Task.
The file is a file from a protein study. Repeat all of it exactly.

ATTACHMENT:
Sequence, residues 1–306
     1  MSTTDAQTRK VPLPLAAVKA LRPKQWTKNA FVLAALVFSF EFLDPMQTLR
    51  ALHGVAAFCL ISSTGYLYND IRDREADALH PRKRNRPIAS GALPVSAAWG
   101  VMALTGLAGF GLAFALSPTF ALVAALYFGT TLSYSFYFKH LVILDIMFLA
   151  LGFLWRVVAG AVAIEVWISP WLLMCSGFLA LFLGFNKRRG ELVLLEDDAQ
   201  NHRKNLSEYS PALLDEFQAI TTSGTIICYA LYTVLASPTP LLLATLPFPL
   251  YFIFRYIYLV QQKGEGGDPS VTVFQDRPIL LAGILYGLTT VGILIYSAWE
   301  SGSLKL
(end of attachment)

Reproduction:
Sequence, residues 1–306
     1  MSTTDAQTRK VPLPLAAVKA LRPKQWTKNA FVLAALVFSF EFLDPMQTLR
    51  ALHGVAAFCL ISSTGYLYND IRDREADALH PRKRNRPIAS GALPVSAAWG
   101  VMALTGLAGF GLAFALSPTF ALVAALYFGT TLSYSFYFKH LVILDIMFLA
   151  LGFLWRVVAG AVAIEVWISP WLLMCSGFLA LFLGFNKRRG ELVLLEDDAQ
   201  NHRKNLSEYS PALLDEFQAI TTSGTIICYA LYTVLASPTP LLLATLPFPL
   251  YFIFRYIYLV QQKGEGGDPS VTVFQDRPIL LAGILYGLTT VGILIYSAWE
   301  SGSLKL